Doctors and other professionals use a specific and precise language; for instance, diarrhoea means faeces containing a higher proportion of water, not frequency of defaecation. There is no hyperbole, no arm-waving in medical discourse. Anybody who enjoys either consuming scientific literature, works of fiction, biography, or even cartoons, understands that not only is the content important, but so is tone and manner. In the context of the pandemic, I find it deeply objectionable to read about ‘fighting a war’ or, even worse, for individuals to ‘do battle against the disease’. If someone succumbs, must we then assume they were lily-livered or weak of will? As those in healthcare know, if comatose and ventilated there is no ongoing thought process that can influence the outcome. This pandemic is due to a miniscule particle, so small and bizarre it defies definition as a life-form. It is not ‘vicious’, it does not ‘choose’ whom to infect. One cannot ‘fight’ it with guns and violence; we need wisdom and consideration. Nor does ill-informed, narcissistic, political hyperbole work. We, the public and healthcare professionals, choose by our actions or inactions to be infected and affected, or not.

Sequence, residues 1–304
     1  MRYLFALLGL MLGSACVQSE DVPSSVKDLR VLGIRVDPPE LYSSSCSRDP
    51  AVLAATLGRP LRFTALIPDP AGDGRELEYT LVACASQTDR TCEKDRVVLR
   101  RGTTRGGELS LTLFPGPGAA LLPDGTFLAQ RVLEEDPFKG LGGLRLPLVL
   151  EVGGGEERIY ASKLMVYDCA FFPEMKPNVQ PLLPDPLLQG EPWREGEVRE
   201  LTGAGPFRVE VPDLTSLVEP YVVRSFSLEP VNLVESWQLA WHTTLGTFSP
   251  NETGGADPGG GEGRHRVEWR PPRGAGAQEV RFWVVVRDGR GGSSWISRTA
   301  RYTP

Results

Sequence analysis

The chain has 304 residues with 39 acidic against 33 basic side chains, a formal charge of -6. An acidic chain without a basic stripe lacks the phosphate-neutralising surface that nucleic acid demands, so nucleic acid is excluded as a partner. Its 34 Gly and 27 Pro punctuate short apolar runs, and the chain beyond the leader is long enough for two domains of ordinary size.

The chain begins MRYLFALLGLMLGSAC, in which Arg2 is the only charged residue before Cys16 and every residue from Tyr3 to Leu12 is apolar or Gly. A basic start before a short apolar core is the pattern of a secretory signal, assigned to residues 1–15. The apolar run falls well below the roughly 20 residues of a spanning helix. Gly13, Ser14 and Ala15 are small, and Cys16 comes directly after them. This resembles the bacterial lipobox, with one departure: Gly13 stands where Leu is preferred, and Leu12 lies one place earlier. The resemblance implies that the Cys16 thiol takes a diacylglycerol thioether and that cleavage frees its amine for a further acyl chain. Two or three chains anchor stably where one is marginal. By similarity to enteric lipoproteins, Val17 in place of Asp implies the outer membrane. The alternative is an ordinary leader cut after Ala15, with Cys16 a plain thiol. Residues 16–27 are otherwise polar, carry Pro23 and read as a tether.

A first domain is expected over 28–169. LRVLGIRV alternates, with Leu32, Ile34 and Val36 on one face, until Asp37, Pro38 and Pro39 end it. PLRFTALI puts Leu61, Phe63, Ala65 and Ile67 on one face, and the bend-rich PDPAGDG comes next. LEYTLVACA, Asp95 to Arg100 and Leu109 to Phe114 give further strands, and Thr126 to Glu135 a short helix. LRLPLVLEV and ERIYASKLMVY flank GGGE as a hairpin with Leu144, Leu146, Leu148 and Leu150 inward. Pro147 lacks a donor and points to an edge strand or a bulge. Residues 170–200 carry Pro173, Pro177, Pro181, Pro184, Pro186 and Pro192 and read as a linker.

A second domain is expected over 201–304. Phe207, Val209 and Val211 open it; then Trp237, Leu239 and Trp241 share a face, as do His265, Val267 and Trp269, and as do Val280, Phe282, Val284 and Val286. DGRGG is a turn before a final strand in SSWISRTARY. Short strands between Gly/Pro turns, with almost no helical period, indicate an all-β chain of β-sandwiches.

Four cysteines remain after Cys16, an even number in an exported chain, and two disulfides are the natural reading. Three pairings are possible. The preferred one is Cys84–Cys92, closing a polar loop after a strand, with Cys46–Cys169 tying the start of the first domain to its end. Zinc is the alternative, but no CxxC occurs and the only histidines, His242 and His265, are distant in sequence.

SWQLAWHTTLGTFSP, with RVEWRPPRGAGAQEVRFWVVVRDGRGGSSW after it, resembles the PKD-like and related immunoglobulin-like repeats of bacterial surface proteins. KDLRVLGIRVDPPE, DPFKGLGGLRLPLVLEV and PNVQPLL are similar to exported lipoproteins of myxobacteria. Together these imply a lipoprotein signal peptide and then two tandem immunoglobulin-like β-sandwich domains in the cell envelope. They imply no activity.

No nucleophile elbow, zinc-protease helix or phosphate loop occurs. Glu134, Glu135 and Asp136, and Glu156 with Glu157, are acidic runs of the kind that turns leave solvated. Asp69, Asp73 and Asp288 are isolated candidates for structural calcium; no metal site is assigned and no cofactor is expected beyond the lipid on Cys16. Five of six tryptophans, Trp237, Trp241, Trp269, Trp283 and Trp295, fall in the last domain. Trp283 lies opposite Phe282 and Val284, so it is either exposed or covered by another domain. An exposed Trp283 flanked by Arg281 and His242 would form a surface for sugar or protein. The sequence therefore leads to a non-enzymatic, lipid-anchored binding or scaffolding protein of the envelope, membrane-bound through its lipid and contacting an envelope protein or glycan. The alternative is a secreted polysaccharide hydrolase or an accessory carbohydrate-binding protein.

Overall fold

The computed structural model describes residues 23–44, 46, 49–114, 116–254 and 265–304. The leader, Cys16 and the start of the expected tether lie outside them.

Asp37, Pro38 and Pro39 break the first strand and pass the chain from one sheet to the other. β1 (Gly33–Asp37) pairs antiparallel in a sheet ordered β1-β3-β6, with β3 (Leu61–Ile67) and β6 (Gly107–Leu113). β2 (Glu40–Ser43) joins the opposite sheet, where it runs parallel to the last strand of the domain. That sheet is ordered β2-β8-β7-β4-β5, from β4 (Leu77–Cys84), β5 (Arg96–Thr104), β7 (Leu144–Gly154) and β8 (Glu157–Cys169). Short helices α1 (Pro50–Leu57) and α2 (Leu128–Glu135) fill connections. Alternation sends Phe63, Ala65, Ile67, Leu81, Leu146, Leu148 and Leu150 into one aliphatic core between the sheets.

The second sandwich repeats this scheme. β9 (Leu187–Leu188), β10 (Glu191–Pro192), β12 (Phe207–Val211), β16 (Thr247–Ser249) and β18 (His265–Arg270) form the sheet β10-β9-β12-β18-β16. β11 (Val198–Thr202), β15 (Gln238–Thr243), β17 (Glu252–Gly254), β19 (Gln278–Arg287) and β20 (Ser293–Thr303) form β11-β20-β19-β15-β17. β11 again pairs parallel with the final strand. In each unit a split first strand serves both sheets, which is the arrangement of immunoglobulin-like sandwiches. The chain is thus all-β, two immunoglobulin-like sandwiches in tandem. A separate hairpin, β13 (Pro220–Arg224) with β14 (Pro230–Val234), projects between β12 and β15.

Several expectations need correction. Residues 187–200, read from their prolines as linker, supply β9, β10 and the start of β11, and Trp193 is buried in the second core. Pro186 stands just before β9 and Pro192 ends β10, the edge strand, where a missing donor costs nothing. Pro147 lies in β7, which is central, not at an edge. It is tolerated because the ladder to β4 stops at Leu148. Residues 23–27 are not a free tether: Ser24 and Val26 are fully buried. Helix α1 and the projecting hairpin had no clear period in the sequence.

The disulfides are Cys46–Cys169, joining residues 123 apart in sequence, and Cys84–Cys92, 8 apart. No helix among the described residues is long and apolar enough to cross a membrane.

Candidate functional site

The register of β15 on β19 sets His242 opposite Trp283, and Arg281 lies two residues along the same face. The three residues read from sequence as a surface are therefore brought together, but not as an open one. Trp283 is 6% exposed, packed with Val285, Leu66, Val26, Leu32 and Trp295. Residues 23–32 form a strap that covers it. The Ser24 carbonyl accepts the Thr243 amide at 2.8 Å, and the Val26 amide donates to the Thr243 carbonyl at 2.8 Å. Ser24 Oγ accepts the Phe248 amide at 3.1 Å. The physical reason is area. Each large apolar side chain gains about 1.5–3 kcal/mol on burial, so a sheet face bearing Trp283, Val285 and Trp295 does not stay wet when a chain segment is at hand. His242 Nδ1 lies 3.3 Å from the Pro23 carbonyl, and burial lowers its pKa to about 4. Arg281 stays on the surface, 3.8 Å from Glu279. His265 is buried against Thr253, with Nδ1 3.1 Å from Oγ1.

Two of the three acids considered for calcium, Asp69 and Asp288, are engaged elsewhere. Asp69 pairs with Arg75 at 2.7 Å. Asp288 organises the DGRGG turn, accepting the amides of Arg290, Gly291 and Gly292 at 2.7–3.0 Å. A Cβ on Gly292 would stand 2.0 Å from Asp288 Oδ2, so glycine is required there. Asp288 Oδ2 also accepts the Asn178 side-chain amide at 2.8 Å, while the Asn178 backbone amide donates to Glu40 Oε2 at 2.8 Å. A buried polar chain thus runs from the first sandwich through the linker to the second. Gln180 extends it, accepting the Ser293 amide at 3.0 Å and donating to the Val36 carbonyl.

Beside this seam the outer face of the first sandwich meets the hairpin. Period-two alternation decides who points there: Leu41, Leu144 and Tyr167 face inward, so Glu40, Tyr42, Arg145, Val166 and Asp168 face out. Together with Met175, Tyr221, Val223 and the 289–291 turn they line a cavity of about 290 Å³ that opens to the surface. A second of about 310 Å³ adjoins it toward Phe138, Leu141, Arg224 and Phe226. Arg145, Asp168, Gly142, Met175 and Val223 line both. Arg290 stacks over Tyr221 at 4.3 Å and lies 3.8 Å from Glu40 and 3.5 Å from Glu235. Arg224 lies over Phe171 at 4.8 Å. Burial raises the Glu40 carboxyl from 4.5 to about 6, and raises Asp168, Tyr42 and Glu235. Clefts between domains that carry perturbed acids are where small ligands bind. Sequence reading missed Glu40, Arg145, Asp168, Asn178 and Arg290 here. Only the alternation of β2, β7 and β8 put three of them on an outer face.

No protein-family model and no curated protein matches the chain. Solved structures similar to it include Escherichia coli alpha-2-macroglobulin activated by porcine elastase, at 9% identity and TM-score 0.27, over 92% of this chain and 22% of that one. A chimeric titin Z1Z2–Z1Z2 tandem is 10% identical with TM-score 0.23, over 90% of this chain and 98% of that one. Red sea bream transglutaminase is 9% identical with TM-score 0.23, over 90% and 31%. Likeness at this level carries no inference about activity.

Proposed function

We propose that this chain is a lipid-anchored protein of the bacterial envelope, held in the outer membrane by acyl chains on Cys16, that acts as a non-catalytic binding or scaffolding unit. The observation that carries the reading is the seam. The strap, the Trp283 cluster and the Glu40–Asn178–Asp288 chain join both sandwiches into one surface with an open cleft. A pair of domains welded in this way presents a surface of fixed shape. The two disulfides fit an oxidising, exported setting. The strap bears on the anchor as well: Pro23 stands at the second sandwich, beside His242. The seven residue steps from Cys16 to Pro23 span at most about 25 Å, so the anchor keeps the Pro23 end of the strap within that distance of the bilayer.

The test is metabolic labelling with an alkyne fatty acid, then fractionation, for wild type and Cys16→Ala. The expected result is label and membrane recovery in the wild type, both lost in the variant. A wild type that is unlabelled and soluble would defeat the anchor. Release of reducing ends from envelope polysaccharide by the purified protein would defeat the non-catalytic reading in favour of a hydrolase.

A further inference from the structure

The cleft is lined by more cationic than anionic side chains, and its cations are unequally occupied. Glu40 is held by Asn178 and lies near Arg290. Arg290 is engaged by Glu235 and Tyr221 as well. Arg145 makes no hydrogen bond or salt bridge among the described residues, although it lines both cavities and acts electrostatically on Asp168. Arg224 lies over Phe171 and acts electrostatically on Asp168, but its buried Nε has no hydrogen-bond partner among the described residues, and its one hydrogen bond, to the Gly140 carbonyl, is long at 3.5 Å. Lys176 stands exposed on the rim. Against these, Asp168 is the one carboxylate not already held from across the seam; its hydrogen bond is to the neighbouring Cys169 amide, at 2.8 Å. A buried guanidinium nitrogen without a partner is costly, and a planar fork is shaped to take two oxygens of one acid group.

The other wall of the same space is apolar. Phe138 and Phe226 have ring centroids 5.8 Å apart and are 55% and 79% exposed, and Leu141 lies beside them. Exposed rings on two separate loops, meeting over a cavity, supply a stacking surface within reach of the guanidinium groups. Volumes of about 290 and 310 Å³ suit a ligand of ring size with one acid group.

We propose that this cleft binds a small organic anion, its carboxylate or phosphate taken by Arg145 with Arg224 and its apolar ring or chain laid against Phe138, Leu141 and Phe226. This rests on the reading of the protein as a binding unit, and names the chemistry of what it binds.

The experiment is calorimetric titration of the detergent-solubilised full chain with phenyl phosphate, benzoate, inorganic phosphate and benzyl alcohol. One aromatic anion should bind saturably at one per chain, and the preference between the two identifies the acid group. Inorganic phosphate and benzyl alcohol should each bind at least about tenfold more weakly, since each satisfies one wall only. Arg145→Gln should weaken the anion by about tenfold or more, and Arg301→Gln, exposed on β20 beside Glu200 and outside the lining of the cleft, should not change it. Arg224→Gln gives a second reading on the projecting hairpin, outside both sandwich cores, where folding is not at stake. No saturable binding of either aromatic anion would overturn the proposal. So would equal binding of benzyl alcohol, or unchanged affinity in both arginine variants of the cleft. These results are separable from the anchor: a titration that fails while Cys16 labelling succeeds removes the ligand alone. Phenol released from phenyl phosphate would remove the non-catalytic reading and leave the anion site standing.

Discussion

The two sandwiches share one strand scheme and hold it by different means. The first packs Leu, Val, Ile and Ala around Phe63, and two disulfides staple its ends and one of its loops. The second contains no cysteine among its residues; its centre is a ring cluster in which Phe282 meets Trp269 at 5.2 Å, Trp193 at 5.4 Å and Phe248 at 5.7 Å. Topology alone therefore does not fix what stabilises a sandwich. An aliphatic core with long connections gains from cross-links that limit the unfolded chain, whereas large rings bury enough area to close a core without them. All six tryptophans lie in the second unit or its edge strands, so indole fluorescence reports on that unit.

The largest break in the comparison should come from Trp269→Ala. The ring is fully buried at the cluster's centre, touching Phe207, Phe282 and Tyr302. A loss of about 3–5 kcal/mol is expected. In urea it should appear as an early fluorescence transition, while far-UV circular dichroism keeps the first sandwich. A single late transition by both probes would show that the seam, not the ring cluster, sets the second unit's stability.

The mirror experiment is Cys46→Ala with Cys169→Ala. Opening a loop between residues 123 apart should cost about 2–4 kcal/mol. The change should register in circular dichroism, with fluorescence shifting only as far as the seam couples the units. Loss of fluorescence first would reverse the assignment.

And this disaster is not ‘unprecedented’ as so many media commentators and politicians are saying; the word means something that has not happened, been done, or known before. We have had countless viral pandemics, including the so-called Spanish flu of 1918–1919, whether it was 30 or 50 million who lost their lives. That was an H1NI influenza virus, similar to the one that killed between 151,700 and 575,400 people worldwide in 2009. And there was SARS. And MERS. And Ebola. And HIV–AIDS. It has not been a matter of ‘if’ but ‘when’, and how severe it would be. Check out or watch Contagion, the 2011 movie. Or read Albert Camus’ 1947 novel, The Plague. Or. Or. Or. Can you imagine being this unprepared as a doctor? “Sounds like a myocardial infarction, so why bother with an angiogram, let’s just give some drugs, any will do! It will probably be fine.” Except it won’t.

So, I am asking my fellow doctors and all in healthcare to be a loud voice of reason; set aside politics and openly correct misstated and utterly inappropriate opinion, set aside personal perspectives and do the right thing. Maybe the following is a partial list:

  1. Follow the physical distancing guidance and encourage your patients, relatives, and friends to stay at home. The is quite powerful in imagining that each ping pong ball is a human life. And ping pong balls break easily.